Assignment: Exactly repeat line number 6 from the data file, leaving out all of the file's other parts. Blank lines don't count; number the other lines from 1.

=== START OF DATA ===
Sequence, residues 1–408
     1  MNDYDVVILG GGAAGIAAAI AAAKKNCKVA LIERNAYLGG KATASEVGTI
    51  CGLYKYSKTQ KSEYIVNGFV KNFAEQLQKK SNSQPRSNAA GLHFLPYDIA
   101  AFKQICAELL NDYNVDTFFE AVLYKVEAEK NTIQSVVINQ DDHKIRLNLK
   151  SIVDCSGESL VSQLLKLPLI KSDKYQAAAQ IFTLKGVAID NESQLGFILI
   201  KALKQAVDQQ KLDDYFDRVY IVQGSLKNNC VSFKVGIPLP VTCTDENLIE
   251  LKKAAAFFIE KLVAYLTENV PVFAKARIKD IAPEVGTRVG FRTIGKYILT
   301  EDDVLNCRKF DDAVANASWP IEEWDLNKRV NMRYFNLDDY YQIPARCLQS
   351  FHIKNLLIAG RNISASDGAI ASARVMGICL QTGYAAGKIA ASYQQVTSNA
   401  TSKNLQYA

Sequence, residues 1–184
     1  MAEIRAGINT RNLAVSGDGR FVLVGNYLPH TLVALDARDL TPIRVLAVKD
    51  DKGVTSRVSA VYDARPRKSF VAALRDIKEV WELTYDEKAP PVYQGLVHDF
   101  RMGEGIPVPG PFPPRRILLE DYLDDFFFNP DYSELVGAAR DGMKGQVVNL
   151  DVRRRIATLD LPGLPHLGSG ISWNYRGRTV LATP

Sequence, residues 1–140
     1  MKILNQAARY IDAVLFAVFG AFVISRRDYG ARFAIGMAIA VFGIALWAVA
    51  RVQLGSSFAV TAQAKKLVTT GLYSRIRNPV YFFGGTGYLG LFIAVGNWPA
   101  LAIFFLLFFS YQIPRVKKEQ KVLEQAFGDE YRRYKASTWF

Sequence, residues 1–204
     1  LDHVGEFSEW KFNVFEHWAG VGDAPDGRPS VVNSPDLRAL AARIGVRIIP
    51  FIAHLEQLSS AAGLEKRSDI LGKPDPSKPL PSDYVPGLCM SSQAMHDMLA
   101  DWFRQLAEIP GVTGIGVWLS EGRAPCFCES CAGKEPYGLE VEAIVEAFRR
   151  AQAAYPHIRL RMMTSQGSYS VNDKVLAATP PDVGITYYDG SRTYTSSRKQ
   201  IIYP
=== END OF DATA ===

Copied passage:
   201  KALKQAVDQQ KLDDYFDRVY IVQGSLKNNC VSFKVGIPLP VTCTDENLIE